The teen fashion market is at the best, a fickle one, this choosy demographic easily changing its preferences in an unpredictable way. This means that companies operating in the space must be very much in touch with their customers and able to adapt to a quickly changing retail environment. Several companies have struggled with this over the last few years and, as such, have seen their stock prices languish. One retailer has managed to stay ahead in this tough retail environment. How does Gap maintain its supremacy?
Once again, Gap released figures that beat the Street’s expectations. April was certainly a good month for the apparel retailer. Overall net sales were up 10% to reach $1.33 billion, while comp-store sales rose a whopping 9% for the month, up from a 7 percent increase last year. Analysts had expected a rise in comp-store sales of only 0.1 percent. By brand, Banana Republic and Old Navy did particularly well, with comp-store sales rising 7 percent and 18 percent, respectively.
Furthermore, the company raised its forecast for the first quarter, now expecting a profit of $0.56-$0.57 per share. Analysts were calling for a profit of $0.54 per share. Also, the drop in gross margin will narrow from the year-over-year decline in the fourth quarter. Shares jumped some 5 percent in after-hours trading following the release.
Overall, U.S. retailers did well in April, with comp-store sales rising 6.2 percent for the best monthly performance since June 2011. Partly, this was due to the Easter shift and an effective use of promotions, but the weather also played a part. After the brutal winter, a spot of good weather unleashed a great deal of pent-up demand, as consumers once again trekked over to the store to buy things.
It seems that Gap is still regarded as fashionable by its core audience, which seems to be driving its earnings potential going forward. The same cannot be said for Ralph Lauren, looking at its most recently presented outlook. As opposed to Gap, the luxury fashion company lowered its projections for the current quarter and full year.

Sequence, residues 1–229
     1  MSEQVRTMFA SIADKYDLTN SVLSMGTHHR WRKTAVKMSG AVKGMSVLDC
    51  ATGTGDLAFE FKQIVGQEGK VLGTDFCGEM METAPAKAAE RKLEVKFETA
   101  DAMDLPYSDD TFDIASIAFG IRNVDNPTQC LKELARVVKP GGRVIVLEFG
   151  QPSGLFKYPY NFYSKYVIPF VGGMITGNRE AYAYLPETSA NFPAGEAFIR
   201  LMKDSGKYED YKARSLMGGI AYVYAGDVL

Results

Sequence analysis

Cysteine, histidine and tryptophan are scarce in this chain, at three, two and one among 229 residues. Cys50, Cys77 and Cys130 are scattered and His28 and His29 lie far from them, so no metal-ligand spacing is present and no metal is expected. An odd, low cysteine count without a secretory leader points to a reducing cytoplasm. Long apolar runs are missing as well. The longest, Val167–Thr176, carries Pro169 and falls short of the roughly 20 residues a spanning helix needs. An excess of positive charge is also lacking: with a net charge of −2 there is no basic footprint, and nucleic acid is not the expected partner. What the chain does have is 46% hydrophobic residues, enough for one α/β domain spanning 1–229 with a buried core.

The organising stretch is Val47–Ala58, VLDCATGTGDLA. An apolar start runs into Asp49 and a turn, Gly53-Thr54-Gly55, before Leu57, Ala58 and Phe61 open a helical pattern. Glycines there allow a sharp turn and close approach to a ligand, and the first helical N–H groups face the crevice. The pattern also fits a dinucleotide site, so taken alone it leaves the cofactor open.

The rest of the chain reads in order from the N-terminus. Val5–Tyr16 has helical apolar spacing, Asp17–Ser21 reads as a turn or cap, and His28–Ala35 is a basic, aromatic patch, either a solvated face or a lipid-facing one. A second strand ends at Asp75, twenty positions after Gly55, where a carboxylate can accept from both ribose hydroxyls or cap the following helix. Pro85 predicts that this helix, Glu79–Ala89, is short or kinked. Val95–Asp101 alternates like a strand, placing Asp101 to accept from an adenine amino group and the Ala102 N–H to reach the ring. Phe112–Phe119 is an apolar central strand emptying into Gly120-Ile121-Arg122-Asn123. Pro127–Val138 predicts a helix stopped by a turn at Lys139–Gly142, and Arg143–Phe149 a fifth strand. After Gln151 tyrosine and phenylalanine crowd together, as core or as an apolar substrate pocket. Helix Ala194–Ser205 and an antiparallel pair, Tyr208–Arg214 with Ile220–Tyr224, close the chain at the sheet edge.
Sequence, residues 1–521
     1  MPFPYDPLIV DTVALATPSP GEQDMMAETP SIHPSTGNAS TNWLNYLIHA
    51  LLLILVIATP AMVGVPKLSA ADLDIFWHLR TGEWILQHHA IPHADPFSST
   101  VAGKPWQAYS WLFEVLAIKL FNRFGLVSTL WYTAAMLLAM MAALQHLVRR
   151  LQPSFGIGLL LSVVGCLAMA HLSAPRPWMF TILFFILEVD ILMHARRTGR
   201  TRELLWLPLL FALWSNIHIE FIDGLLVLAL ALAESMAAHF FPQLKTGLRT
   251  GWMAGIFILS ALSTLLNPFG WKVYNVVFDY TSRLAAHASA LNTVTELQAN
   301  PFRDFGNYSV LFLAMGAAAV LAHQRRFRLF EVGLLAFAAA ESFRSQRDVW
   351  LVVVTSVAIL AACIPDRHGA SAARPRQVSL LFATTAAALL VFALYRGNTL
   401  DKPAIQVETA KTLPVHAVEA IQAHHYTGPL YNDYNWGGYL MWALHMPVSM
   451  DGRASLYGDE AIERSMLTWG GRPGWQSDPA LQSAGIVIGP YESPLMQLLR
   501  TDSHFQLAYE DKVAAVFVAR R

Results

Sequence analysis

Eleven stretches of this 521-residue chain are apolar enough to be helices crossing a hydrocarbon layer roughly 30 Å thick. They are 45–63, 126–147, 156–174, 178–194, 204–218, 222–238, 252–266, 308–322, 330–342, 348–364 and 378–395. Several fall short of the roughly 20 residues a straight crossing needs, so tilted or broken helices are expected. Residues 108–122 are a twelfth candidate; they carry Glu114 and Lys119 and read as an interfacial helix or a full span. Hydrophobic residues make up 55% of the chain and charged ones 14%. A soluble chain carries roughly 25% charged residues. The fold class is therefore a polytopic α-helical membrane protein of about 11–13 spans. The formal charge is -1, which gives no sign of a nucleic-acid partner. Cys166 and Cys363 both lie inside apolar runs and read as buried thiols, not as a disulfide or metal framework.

While Ralph Lauren delivered some strong numbers for its fourth quarter, with earnings per share beating by $0.05 on a 14 percent increase in sales, the forecast for the current quarter was far from rosy. The company is now expecting revenue growth of between 3 percent and 5 percent, well below the 10 percent increase projected by analysts. For the full year, the company sees sales growth of between 6 percent and 8 percent, also in a range largely below the 8 percent consensus estimate.
So what sets Gap apart? First of all, the company has a solid history of tapping into fashion trends, displaying the ability to spot shifts in consumer preferences ahead of the competition and the flexibility to adapt to these changes. Second, the company has been investing in its omnichannel sales capabilities, rolling out an order-in-store system and expanding its online footprint. Third, the company has been working on its international business, having opened its first Old Navy location in China in March. Management seems determined to keep this solid growth going, and so far, it has succeeded.
The bottom line
In an industry that has faced some serious headwinds over the last few years, there is one apparel retailer that clearly stands out above the rest of the pack. Gap has been able to consistently outperform the market for some time now, with April sales and its most recent outlook showing it is pulling further ahead of rivals such as Ralph Lauren yet again. Capable of spotting and adapting to fashion trends before the competition, Gap has proven itself to be a formidable force in fashion retail.